“Hotel Brunswick’s mounting woes” is the heading for an editorial in the Lancaster New Era that, in part, stated the following:
“The escalating violence is only part of the problem with the Brunswick, albeit a big part…”
“The hotel has fallen behind on its taxes and fees to the city, city schools and county. It regularly delays paying its water bill, prompting the city to threaten to shut off service.”
“In short, the Brunswick hasn’t been a very good corporate citizen or neighbor.”
“Hotel Brunswick’s solution? The New York-based Brunswick investor group has the property up for sale.”
“Sell the Brunswick? That might be the best answer.”
The property has been for sale formally or informally for at least two years. No takers. When the Brunswick was offered to the Watchdog’s firm two decades ago, the Watchdog’s analysis was “We wouldn’t take it if it were offered to us for a dollar.”
When pointing fingers, the Lancaster Newspapers Inc. needs to account for its own involvement in bringing the Brunswick and, indeed, the entire Lancaster Square project, and also the Convention Center to their sorry states.
Let’s turn back through the pages of history.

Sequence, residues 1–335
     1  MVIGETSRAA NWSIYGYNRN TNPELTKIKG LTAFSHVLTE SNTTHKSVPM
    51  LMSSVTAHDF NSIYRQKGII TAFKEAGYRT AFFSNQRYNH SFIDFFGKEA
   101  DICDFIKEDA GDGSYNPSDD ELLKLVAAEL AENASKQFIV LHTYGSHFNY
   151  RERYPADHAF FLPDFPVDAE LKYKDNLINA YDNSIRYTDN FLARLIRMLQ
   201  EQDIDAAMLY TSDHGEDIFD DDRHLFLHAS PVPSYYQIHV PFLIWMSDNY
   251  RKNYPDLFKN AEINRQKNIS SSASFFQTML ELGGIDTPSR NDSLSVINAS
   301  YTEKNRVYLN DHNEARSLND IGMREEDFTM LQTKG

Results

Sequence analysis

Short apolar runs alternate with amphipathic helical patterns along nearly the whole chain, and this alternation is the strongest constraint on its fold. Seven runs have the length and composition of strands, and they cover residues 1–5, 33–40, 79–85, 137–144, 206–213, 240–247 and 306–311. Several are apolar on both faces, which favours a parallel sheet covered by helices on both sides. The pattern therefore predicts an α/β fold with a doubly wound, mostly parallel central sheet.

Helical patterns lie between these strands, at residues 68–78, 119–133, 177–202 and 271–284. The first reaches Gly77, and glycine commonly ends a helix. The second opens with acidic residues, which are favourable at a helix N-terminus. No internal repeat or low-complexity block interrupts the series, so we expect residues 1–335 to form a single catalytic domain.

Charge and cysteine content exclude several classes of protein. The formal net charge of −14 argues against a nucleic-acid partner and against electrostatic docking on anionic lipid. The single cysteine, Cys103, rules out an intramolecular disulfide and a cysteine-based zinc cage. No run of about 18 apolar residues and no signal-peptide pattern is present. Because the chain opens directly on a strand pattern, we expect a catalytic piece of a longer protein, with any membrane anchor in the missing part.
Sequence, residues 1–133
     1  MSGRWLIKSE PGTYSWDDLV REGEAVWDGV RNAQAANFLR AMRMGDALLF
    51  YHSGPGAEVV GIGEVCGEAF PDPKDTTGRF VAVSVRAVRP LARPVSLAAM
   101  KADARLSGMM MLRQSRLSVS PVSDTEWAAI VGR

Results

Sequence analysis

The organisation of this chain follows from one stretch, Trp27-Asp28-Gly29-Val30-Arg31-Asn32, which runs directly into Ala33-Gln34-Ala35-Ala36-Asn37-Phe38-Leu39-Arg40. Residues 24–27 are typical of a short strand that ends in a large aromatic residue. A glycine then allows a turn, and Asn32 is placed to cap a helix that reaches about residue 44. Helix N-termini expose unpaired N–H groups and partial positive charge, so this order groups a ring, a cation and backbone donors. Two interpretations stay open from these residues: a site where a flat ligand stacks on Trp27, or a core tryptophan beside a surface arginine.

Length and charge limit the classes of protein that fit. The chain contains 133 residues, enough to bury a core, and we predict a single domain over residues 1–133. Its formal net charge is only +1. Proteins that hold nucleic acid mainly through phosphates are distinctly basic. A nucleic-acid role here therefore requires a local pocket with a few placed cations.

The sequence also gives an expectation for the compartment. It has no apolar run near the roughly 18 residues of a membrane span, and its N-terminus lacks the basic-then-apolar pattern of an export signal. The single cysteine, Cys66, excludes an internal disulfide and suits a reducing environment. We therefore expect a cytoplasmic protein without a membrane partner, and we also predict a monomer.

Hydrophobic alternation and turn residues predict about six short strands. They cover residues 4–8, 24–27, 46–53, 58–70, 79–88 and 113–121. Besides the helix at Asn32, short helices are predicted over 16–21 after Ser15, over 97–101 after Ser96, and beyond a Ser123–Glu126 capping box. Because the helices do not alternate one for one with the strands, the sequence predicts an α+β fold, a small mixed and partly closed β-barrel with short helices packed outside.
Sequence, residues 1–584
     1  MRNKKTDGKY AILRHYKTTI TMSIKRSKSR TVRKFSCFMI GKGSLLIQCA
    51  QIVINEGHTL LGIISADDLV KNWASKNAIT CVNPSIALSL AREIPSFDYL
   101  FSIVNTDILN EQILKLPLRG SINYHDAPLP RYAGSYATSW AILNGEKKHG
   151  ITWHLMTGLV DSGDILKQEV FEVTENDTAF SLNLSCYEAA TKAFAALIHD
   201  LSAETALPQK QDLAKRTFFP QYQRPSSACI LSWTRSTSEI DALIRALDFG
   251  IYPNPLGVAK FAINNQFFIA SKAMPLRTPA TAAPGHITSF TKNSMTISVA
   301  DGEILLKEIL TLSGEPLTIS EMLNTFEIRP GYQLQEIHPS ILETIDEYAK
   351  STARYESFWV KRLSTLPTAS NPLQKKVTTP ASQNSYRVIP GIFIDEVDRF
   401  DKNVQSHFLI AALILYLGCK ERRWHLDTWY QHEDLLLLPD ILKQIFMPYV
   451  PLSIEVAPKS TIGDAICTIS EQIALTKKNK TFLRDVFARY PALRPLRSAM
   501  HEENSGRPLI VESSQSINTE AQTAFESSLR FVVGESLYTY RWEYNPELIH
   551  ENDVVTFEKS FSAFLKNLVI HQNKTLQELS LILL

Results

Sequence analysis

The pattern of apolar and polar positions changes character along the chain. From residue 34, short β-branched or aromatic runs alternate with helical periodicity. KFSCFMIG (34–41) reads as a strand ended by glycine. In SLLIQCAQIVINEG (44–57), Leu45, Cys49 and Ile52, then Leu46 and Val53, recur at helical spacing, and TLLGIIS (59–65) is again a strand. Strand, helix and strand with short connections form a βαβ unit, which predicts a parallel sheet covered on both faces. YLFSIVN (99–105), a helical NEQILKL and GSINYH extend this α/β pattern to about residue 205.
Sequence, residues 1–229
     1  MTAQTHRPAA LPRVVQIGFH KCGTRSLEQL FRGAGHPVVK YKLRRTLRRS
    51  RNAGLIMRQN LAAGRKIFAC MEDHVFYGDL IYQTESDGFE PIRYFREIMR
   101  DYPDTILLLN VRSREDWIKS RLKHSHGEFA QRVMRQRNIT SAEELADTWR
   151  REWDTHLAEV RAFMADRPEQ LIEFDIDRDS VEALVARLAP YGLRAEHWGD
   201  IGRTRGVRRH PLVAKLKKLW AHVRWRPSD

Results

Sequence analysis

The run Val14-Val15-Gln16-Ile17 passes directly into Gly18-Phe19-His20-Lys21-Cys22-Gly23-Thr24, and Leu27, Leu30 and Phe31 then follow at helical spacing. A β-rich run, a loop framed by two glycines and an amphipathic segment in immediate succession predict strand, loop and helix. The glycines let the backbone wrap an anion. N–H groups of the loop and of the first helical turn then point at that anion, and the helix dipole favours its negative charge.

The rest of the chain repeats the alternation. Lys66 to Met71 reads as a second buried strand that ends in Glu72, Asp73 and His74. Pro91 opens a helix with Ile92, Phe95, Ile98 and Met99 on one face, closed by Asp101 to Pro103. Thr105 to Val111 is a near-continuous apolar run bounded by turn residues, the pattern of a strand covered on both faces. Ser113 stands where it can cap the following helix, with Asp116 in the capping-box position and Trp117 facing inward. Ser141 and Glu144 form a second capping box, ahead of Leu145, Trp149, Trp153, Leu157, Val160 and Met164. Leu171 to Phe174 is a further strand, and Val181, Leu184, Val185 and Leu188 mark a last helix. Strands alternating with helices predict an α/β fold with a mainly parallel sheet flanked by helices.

The following direct quotes are from NewsLanc’s “Convention Center Series”.
“By 1995, downtown Lancaster city was several decades removed from its sparkling prime of the post-war 1940s and ’50s. As the second millennium approached, the city still had not recovered from the wholesale demolition of its historic downtown retail district on the 100 block of North Queen Street during the 1970s, its subsequent failed re-development, and the flight of customers and stores to suburban shopping centers and the Park City Mall.”
“The mishandled, but well-intentioned, ‘revitalization’ of Lancaster Square no doubt scarred the community and leadership alike. For years, this area was known to locals as ‘our hole in the ground,’ a concrete jungle of abandoned buildings and empty spaces. Lancaster Square was a constant ugly reminder of the failed efforts of administrations past. Ultimately, after much transparent public debate and with misgivings by some leaders that the projects would be feasible, a Hilton Hotel (the current Brunswick) and a Hess Department Store had been constructed as end pieces of the 100 block of North Queen Street.
“The Hess Department Store closed within two years and was adapted for the manufacturing of fuses. It now stands empty.